Scooter Mo - ideas for the scooter knee pad??

Fun stuff arrived yesterday, a wheelchair, shiny new crutches and a blazing fast scooter.  There was a major snafu with the insurance company dropping the ball on the scooter but it arrived in time so all is well.  I can easily see why everyone says the scooter is a lifesaver, soooo much better than the crutches.  I can also guess, just based on a few minutes zipping around the condo that the knee pad will get irritating on any long distance.  I’m looking for a little more cushy solution so I don’t have a knee problem when this is all over.  Any suggestions from the alumni would be most appreciated.  Oh, and I think it needs a horn :)  5 more days until surgery, anxiety increasing, sound sleep decreasing.

16 Responses to “Scooter Mo - ideas for the scooter knee pad??”

  1. Hi, I love my scooter. My surgery was 5-1-14 and I love the freedom that the knee scooter gives me..I have had no problem with irritation. My surgical knee (R) was sore for a couple of days and that passed. Left ankle and upper body muscles will get quite a workout. lol, a horn and backup sounds would be great. Good luck!! Dee

  2. I stockpile cheap high-density camping pads, and I used that stuff in LOTS of places during ATR rehab: stools for kneeling, crutch handles, boot soles, crutch verticals that scraped my wrists, etc. etc.
    ATR #1, stupid slow rehab, my knee started blowing out from kneeling, even with great padding everywhere. So don’t go slower than the non-op ATR folks -see /Cecilia/protocols. And learn to use (& adjust) crutches if you can. They’re very useful during the PWB transition.

  3. Following Norm’s advice about not going too slow, my advice would be to not make the knee-scooter too-comfy as you don’ t want to rely on it for too long. You only need it for the NWB phase of recovery, which, hopefully, is no more than 4 weeks. I have one and loved it too–it’s a great tool, but you want to get back on 2-feet as soon as possible/prudent. -David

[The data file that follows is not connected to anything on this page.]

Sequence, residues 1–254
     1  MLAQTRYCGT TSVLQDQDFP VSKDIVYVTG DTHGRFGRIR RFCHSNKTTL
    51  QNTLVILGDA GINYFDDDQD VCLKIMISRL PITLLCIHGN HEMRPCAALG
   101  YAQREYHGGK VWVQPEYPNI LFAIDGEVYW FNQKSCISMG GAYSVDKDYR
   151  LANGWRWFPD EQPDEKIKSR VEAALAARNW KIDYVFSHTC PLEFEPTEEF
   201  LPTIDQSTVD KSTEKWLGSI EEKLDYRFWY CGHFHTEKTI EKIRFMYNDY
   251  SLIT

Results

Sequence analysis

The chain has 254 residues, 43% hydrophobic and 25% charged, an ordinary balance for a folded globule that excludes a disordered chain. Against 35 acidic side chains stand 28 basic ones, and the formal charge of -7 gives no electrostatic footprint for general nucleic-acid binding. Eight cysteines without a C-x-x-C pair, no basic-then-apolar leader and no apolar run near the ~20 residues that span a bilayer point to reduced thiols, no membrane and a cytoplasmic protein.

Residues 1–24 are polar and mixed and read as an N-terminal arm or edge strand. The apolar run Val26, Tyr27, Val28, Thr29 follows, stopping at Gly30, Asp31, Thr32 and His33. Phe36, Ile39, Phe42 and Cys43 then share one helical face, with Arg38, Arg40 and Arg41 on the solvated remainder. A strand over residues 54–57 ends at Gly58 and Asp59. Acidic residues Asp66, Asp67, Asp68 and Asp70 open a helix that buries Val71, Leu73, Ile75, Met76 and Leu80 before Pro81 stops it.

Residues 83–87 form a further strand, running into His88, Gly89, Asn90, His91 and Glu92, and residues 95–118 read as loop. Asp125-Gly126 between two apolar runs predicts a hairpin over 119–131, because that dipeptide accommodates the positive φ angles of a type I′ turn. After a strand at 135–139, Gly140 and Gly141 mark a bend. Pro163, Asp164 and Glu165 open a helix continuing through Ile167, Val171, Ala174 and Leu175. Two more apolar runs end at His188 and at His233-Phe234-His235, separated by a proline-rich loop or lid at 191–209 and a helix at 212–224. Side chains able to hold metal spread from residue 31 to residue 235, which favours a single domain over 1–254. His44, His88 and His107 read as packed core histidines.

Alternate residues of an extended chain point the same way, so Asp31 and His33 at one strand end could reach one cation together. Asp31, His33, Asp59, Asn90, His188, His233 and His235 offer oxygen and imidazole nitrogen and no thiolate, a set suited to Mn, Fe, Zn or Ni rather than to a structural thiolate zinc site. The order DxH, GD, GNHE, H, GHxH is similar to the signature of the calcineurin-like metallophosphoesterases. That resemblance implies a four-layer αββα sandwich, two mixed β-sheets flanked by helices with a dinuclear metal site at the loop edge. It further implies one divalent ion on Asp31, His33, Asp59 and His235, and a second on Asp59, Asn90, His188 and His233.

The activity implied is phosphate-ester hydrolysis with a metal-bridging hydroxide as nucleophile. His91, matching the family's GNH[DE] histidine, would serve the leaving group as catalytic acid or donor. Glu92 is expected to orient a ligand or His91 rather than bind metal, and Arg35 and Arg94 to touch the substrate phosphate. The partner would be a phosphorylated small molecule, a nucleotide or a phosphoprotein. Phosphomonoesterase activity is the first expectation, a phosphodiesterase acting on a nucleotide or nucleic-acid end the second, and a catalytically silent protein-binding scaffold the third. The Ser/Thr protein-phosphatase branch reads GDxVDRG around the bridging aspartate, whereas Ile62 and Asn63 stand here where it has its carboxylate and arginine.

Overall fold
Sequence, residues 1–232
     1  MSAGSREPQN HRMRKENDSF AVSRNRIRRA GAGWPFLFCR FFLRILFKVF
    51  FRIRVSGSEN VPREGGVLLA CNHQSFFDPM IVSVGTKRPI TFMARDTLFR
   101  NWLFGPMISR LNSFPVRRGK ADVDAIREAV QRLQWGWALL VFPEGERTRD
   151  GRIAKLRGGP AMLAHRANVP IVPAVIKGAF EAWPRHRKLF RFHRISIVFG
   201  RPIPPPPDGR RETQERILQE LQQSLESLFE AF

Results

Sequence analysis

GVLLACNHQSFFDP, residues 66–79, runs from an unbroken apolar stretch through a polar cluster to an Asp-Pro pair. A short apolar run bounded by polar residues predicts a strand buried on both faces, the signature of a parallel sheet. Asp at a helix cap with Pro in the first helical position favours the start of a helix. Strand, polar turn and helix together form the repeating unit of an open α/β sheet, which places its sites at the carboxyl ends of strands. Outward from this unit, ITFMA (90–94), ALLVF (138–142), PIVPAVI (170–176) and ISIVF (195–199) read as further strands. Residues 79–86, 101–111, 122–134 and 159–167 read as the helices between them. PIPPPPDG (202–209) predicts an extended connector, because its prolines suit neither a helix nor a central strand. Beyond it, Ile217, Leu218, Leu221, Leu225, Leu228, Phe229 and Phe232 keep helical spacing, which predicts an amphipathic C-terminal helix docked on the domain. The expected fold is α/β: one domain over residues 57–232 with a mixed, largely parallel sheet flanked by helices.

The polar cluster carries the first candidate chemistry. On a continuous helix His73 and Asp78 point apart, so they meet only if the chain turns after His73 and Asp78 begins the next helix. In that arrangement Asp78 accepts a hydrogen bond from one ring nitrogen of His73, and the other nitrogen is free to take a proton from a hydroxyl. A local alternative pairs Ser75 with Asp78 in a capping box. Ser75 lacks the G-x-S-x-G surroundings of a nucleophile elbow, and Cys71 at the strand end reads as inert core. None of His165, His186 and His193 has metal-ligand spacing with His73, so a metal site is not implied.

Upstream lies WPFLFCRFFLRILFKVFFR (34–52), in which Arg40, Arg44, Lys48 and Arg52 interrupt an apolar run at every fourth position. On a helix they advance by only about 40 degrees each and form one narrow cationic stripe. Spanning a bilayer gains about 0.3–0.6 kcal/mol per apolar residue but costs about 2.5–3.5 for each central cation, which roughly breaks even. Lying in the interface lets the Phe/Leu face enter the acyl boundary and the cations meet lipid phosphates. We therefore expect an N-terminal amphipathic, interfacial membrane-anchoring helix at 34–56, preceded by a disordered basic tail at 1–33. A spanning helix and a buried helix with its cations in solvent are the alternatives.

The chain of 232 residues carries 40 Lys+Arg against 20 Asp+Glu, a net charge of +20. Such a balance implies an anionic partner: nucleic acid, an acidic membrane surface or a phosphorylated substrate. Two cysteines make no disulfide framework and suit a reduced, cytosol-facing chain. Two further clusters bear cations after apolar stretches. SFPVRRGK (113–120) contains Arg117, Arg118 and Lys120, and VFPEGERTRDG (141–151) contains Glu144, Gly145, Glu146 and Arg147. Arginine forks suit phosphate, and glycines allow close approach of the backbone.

4. If its any help I got an elevated leg rest for the wheelchair as I was unable to put my foot down for weeks but I don’t think that’s most people’s experience. I loved the knee scooter but could only use it indoors as I live on a hill! I used the chair for longer distances outdoors. Even when I was PWB/NWB I could only do so much so the scooter helped me get a balance with activity. Hope all goes well. Spam word is optimism!

  5. I meant PWB/FWB!

  6. I never got one of those scooters or knee rests because all my doctors said they see more blood clots with people who use them. Called them widow makers. That’s not to say some people have great experiences with them, that’s just what they told me.

    They also said the better blood circulation I could get, the faster and better it would heal and the best way to do that is to start PWB as soon as possible. You want ice and elevation in the first week or so and sometimes after long periods of activity to reduce swelling, but you have to realize at the same time that ice and elevation restricts blood flow.

  7. Roark - ’sigh’ it just seems such a challenge with this sort of surgery to know what the right things to do are, every doctor and every patient has a different opinion and experience. You may have noticed on my first post my doctor has indicated the snail protocol, I’ve been gathering evidence to discuss a faster recovery protocol after the surgery, the scooter is certainly more convenient than crutches but I absolutely have the fear of DVT, crossing my fingers it won’t happen to me.

  8. Scooter really helps me. I have to go upstairs on my butt. Afraid of falling with crutches. I use crutches on second floor. My arms are tired and my left thigh is from scooter. But it is only second day so maybe just using new muscles. I am very concerned about falling. Now worried about blood clots. Are they more of a problem after surgery. Hard to understand these multiple tears can heal on own. Told to eat more too.

  9. Roark, it isn’t obvious to me that elevation hurts circulation. If you’re trying to rinse out a bucket, one standard way is to add water, remove it, add more, remove it, etc. When our leg swells then “shrinks” from elevation (rinse & repeat a few times daily), that sounds to me like circulation. Fluids flow in then flow out. Given the oft-repeated fact that the AT region of our leg has pretty scant natural circulation, this seems like a Good Thing when we’re looking for healing.

    It’s possible that temperature changes also have a net stimulating effect — or at least that they have the same bucket-rinsing effect by changing leg volume.

    All this is “just logic”, not tested by evidence.